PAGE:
News this week of sweeping Trump administration changes to United States immigration-enforcement policies is sparking a wave of fear among both legal immigrants and immigrants in the Miami Valley illegally, advocates say. The immigration crackdown means millions of people living in the country illegally could face deportation.
The Associated Press reports a Homeland Security memo indicates any undocumented immigrant who is charged, or even suspected of a crime, including people arrested for traffic violations, will be prioritized for enforcement. Enforcement previously focused on immigrants convicted of serious crimes, or people authorities considered threats to national security.
The policy changes have led to anxiety, even for people whose work or student visas are valid and legal.
Immigration attorney Catherine McCarthy says immigrant university students, high-tech and other workers living in the region on special visas fear they may be forced to leave the country before completing work or school programs, and not be able to return. McCarthy says it’s still unclear what the immediate impact of the immigration-policy changes could be.
“I don’t know how the orders are going to spread and how quickly they are going to spread and to whom, but I think a lot of people who have been here and working and succeeding and having their families here are going to face a lot of challenges financially when it comes to maintaining the family unit.”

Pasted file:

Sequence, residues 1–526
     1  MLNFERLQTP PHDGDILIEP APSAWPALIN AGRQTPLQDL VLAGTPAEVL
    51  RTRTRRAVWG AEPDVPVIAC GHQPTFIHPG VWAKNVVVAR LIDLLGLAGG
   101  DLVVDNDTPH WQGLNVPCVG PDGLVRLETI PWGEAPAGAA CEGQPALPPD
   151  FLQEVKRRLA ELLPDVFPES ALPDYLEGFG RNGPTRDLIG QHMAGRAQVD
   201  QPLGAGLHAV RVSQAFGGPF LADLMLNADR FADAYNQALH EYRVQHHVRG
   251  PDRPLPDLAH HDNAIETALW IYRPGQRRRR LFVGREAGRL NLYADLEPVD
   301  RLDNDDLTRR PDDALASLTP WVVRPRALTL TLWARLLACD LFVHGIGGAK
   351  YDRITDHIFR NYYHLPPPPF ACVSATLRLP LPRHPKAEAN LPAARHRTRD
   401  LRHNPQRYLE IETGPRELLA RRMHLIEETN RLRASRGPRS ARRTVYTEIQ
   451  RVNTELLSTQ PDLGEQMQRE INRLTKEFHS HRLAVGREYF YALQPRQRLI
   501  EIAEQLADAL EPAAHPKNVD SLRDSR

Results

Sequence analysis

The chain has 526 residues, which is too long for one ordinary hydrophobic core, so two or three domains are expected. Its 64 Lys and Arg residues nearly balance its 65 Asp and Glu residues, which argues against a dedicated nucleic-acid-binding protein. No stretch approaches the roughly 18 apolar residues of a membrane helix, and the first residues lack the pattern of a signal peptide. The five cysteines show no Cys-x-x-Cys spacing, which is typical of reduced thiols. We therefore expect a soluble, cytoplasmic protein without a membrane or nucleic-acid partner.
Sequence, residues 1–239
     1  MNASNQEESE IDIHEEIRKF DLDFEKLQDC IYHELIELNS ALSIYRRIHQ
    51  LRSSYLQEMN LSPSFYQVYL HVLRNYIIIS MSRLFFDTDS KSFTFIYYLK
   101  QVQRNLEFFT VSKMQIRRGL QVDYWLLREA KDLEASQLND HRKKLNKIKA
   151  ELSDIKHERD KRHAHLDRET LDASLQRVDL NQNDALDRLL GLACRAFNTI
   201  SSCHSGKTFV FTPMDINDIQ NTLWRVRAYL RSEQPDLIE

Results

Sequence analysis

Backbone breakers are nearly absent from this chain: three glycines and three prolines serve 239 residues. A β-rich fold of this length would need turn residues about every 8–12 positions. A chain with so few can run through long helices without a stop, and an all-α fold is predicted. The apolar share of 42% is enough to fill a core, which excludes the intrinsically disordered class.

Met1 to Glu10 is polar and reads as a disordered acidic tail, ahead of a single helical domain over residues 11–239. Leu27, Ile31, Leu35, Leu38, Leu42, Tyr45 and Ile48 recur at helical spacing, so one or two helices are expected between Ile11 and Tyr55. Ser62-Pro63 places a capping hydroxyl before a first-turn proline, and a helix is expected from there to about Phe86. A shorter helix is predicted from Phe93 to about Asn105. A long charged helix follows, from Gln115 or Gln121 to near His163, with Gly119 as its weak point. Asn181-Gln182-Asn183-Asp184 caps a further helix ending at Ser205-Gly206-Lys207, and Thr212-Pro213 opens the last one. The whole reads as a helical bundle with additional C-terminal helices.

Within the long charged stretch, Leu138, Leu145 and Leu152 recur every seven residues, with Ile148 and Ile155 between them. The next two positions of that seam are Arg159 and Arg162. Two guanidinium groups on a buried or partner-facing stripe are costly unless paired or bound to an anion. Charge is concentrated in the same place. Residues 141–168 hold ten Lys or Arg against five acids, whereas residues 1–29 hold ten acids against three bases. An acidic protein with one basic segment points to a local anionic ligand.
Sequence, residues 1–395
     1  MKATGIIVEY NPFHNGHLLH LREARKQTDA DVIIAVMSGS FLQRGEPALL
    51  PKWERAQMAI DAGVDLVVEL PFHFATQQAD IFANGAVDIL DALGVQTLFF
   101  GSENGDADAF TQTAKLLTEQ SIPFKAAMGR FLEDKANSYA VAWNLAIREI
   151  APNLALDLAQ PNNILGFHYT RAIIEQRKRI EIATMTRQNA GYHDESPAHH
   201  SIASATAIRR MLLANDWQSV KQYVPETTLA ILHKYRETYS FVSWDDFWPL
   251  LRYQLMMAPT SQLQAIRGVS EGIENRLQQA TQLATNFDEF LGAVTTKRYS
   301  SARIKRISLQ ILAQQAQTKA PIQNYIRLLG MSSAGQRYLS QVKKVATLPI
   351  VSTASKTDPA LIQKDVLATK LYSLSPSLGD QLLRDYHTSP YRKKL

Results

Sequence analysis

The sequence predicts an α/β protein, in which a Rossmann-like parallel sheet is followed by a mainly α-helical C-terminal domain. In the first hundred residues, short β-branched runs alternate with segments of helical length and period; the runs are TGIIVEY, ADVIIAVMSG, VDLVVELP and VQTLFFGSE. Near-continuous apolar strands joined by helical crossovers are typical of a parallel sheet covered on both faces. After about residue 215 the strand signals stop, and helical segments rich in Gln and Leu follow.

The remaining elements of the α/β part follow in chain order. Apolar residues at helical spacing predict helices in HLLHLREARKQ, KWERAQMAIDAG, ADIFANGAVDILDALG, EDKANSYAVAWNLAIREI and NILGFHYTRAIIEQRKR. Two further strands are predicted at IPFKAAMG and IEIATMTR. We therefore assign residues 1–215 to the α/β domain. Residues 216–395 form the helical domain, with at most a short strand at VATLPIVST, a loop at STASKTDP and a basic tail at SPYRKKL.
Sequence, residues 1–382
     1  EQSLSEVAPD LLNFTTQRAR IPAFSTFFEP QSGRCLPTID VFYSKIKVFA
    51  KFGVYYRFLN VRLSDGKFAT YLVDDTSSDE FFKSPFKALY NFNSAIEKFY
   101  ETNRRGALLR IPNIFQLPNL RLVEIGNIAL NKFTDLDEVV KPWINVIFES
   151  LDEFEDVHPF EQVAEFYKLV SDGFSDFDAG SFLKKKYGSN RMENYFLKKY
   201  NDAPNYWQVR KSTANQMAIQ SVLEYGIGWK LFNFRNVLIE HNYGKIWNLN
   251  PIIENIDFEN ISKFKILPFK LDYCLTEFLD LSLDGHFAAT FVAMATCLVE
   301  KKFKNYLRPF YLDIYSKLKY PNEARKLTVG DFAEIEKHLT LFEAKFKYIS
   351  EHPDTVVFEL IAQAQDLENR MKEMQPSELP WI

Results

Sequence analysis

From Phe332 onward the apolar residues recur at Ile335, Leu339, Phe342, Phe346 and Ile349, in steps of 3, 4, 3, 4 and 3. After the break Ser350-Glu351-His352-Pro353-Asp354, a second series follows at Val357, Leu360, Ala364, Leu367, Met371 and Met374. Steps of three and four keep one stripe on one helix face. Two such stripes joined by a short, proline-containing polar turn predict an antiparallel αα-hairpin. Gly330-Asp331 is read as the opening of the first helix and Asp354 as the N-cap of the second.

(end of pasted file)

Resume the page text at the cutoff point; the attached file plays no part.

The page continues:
She says her office has been flooded with phone calls from people seeking assistance and information about what to do and how to prepare their families. McCarthy says she has little advice to offer for people who are here illegally.
“I think people have a genuine concern, a genuine fear. They may become the focus of attention from government authorities in a way that they haven’t necessarily been before.”
McCarthy says she expects federal courts may eventually intervene on the Trump administration policy changes. In the meantime, she says, uncertainty, fear and confusion is widespread among her clients.
Her office is already assisting several international corporations whose employees have not been able to renew their valid, legal work visas – something, she says, that’s usually routine.